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    From the Drive-Thru to the Corner Office



    Story by Petty Officer 2nd Class Pyoung Yi 

    USS Theodore Roosevelt (CVN 71)   

    Around the world, America is known as the land of opportunity. It is like a glowing billboard constantly in view of those who may live in hard-bitten circumstances, in lands where people cannot simply be whoever they want to be. The United States beckons them to come, to settle in its vast territory and pursue the life they dreamed of.

    In 2006, at age 25, Chief Yeoman Lilyjane Ignacio, leading chief petty officer of the CO’s and XO’s administration office (X1 Division) assigned to the aircraft carrier USS Theodore Roosevelt (CVN 71), found herself in this fabled country in which the tract housing and gleaming automobiles were a stark contrast to the mango and coconut farms and motorized tricycles of day-to-day life in the Philippines.

    “Coming here with all these luxuries, like having a car, it was a bit of a culture shock,” said Ignacio. “We didn’t need a car in the Philippines. We had the means to go anywhere by bus, jeepney, or tricycles.”

    Ignacio, who had recently settled in San Diego with her husband, began work at a fast-food restaurant, taking drive-thru orders her first day on the job.

    “My husband went to work everyday and I was bored at home after immigrating here,” said Ignacio. “One day I walked into a fast-food place across the street from our house. I saw the manager was Filipino. I spoke to her in Tagalog and asked her: ‘Do you guys have an opening here?’ She told me I could start the next day.”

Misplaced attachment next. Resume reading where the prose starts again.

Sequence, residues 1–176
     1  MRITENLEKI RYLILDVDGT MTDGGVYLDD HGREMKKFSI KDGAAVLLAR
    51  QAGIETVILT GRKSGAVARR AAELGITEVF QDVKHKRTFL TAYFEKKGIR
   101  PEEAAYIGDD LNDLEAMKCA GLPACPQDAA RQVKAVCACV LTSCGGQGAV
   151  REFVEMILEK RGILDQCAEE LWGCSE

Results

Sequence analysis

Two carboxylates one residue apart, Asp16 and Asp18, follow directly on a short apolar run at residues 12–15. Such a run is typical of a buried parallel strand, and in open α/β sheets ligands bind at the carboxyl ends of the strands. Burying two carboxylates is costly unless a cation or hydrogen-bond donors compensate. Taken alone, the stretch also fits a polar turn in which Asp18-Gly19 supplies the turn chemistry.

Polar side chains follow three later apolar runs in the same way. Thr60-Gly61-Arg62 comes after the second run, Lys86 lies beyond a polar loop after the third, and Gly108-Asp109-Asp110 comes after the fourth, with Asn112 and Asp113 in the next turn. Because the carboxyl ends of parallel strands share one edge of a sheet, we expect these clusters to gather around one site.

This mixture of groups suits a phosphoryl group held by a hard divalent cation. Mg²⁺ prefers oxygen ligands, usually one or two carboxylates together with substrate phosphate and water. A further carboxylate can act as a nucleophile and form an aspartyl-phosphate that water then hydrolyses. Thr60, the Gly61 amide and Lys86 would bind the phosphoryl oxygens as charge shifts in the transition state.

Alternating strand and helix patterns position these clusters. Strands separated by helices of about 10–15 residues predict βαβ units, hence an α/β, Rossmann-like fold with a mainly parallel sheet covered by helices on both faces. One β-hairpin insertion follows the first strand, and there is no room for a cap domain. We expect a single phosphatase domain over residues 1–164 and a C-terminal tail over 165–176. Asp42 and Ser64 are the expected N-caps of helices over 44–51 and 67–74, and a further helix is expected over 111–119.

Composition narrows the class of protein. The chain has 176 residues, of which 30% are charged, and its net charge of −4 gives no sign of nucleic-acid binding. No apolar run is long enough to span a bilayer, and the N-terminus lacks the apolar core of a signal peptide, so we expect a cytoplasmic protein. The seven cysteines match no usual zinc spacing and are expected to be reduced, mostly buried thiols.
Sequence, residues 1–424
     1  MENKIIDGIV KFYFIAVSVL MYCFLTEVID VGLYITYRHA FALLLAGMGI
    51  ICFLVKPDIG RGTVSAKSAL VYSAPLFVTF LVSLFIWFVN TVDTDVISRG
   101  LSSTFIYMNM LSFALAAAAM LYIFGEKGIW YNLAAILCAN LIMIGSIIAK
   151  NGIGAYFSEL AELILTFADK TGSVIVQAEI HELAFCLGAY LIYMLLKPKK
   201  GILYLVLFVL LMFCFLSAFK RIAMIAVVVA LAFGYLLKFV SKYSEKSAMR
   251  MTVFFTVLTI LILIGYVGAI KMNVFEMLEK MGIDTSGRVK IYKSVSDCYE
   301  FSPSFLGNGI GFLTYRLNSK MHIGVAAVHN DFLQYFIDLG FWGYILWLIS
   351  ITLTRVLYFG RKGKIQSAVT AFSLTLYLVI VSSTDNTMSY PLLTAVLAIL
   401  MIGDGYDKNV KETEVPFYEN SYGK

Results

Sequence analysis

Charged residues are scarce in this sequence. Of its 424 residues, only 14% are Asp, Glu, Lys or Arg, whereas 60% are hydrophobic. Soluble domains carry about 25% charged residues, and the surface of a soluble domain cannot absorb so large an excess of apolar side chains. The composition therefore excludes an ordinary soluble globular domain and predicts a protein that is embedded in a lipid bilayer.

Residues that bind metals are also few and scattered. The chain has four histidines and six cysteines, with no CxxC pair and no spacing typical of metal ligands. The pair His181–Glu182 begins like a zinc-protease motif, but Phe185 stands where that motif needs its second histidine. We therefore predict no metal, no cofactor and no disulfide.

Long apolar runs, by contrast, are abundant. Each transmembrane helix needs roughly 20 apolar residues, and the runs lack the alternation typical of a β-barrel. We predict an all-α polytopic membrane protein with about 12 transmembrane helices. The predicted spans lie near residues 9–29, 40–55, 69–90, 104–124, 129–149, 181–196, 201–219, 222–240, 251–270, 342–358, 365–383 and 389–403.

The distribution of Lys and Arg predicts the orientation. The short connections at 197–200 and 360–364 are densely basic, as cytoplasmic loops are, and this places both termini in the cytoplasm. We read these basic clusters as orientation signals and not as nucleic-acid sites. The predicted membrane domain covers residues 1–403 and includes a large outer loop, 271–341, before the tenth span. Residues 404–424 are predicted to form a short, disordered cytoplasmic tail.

In the Philippines, Ignacio earned a bachelor’s degree in computer engineering. But, at the time, due to her non-fluency in English and the lack of name recognition of her alma mater to local employers, she accepted the offer to work a part-time job.

    “I barely spoke English when I first started,” said Ignacio. “But working the drive-thru was not too hard because I just said a standard line: ‘Good morning sir or ma’am, may I take your order?’”

    Ignacio said once customers drove up to the cashier window, they would sometimes ask for extra items. These face-to-face customer interactions helped develop her conversational English skills.

    “Sometimes the customers would start talking to me and I was able to comprehend what they were saying, then a conversation started from there,” said Ignacio. “That’s how I learned the language.”

    Ignacio, along with her parents, three brothers and a sister, grew up in Pangasinan, a beach town four hours north of the Philippines’ capital city of Manila. Ignacio’s mother and father ran their own restaurant in front of their home. Prior to immigrating to the U.S., she was working as an office secretary for a K-12 school.